By Andy Sullivan
When Google Inc.'s 19 million daily users look up a long-lost
classmate, send e-mail or bounce around the Web more quickly with its
new Web Accelerator, records of that activity don't go away.
In an era of increased government surveillance, privacy watchdogs
worry that Google's vast archive of Internet activity could prove a
tempting target for abuse.
Like many other online businesses, Google (Nasdaq:GOOG - news) tracks
how its search engine and other services are used, and who uses
them. Unlike many other businesses, Google holds onto that information
Some privacy experts who otherwise give Google high marks say the
company's records could become a handy data bank for government
investigators who rely on business records to circumvent Watergate-era
laws that limit their own ability to track U.S. residents.
At a time when libraries delete lending records as soon as a book is
returned, Google should purge its records after a certain point to
protect users, they say.
"What if someone comes up to them and says, 'We want to know whenever
this key word comes up'? All the capability is there and it becomes a
one-stop shopping center for all these kinds of things," said Lauren
Weinstein, an engineer who co-founded People for Internet
Responsibility, a forum for online issues.
Google officials say their extensive log files help them improve
service, fight fraud and develop new products, and unlike many other
online companies, it seems willing to pay for the enormous storage
capacity needed to save the data.
"If it's useful, we'll hold on to it," said Nicole Wong, a Google
associate general counsel.
Google complies with law-enforcement investigations, Wong said. She
declined to comment on the frequency or scope of those requests.
From the ground up, Google designs its offerings to minimally impact
user privacy, Wong said. Google doesn't share the information it
collects from visitors with outside marketers. Employees must get
executive approval before they examine traffic data, she said.
Google logs the numerical IP address of each computer that visits many
of its sites, and deposits small bits of code known as "cookies" on
users' machines to automatically remember preferences like which
language they use, she said. Users can reject cookies if they wish,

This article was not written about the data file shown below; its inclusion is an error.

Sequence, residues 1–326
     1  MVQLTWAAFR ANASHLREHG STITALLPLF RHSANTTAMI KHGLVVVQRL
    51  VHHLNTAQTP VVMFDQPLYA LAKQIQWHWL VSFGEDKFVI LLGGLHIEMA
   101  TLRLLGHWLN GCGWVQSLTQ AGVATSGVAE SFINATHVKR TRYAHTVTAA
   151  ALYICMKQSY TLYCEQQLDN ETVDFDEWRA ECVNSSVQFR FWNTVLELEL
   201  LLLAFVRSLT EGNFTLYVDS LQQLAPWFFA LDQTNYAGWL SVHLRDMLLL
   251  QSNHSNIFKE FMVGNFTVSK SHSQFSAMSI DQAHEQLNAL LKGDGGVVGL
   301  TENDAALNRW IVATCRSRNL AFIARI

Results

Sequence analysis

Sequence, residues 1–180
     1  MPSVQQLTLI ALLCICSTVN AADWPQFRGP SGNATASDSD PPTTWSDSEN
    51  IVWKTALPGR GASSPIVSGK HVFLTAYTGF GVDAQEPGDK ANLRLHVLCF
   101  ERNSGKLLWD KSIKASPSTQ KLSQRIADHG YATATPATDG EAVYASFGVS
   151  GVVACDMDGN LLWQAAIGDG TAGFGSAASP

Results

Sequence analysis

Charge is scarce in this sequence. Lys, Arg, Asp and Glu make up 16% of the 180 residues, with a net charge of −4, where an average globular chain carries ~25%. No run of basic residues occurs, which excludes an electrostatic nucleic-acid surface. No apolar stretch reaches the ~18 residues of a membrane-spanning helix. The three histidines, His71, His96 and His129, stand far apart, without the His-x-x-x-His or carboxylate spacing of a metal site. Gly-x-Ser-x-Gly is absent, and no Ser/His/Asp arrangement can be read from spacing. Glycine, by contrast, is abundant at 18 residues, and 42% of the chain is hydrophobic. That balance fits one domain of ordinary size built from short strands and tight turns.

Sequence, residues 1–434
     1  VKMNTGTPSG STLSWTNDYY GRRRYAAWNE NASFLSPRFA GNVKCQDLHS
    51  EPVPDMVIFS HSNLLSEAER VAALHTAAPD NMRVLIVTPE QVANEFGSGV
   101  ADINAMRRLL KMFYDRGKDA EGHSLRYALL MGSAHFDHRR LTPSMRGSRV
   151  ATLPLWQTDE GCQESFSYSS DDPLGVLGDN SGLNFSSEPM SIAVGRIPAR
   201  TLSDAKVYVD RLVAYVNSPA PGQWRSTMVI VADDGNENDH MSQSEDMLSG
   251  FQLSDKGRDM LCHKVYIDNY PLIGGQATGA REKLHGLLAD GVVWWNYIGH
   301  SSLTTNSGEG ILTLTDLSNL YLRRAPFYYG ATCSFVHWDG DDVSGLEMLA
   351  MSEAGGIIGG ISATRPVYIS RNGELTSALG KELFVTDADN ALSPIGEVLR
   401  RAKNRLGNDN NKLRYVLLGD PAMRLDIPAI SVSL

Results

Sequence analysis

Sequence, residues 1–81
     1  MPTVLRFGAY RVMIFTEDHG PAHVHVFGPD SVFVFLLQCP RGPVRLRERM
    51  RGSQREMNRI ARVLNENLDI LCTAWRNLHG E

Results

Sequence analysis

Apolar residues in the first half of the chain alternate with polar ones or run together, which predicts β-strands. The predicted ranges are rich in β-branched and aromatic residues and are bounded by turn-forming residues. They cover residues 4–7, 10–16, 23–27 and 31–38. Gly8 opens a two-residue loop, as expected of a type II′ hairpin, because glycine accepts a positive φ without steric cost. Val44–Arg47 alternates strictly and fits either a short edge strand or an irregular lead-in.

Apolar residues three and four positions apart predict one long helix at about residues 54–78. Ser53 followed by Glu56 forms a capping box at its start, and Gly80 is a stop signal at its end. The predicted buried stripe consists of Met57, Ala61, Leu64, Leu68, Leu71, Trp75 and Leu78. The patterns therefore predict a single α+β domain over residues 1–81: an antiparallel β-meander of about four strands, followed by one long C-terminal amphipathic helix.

but some services like Gmail, Google's e-mail, will not work without
It's difficult to tie cookies and IP addresses to a particular person,
Wong said. The IP address of a computer can change every time it signs
on to the Internet, and different services use different cookies so
the company doesn't know, for example, that a particular Gmail user
has visited the Web site of an abortion providers.
POLICIES COULD CHANGE
But absent regulation, there's nothing to prevent Google from linking
together those cookies in the future, said Chris Hoofnagle, who heads
the West Coast office of the Electronic Privacy Information Center.
"Events can change corporate culture, and those who use the Google
service may experience a shift in the definition of 'evil,"' Hoofnagle
said, referring to the company's "Don't be evil" motto.
Rivals like Yahoo Inc. and Internet service providers such as Time
Warner Inc.'s America Online also track user activity. But ISPs
generally don't hold onto such information for more than a month
because storage costs and privacy concerns can mount quickly, said
Stewart Baker, a Washington lawyer who has represented ISPs in
"If you don't have a reason to keep a bunch of data around, it's
probably prudent to get rid of it," he said.
Yahoo declined to say how long it holds on to its log files.
Google's generous mail service creates risks as well. While AOL purges
customer e-mail from its servers after 28 days unless users specify
otherwise, Gmail encourages users to hold onto their messages
Most people don't know that a 1986 law gives less protection from
government searches to messages more than six months old, said Ari
Schwartz, an associate director at the Center for Democracy and
"That doesn't mean that Google needs to change its technology, but
they do need to do some consumer education," he said.
Even when a user deletes a message it may remain on company servers,
Some don't see Google's long memory as a bad thing.
"You wouldn't want them to throw away all the queries that have been
done -- that's like throwing away history," said Danny Sullivan,
editor of the trade publication Search Engine Watch.
Weinstein doesn't think so.
"There's really no good reason to hold onto that information for more
than a few months," he said. "They seem to think that because their
motives are pure that everything is OK and they can operate on a trust
basis. History tells us that is not the case."
Copyright 2005 Reuters Limited.
NOTE: For more telecom/internet/networking/computer news from the
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http://telecom-digest.org/td-extra/more-news.html . Hundreds of new
[TELECOM Digest Editor's Note: Lauren Weinstein, quoted in the Reuters
news item above has been a long time netter. He was a founding, or
charter subsriber to Telecom Digest back in 1981. Although many times
he makes good sense in what he says, there have been times I felt he
was unduly concerned with some obscure privacy issues. I have read
some of his postings here, also in RISKS and elsewhere and wondered if
he really felt some of the concerns expressed were realistic or not.
His things make good reading, to be sure, but how _real_ are a lot of
his concerns? PAT]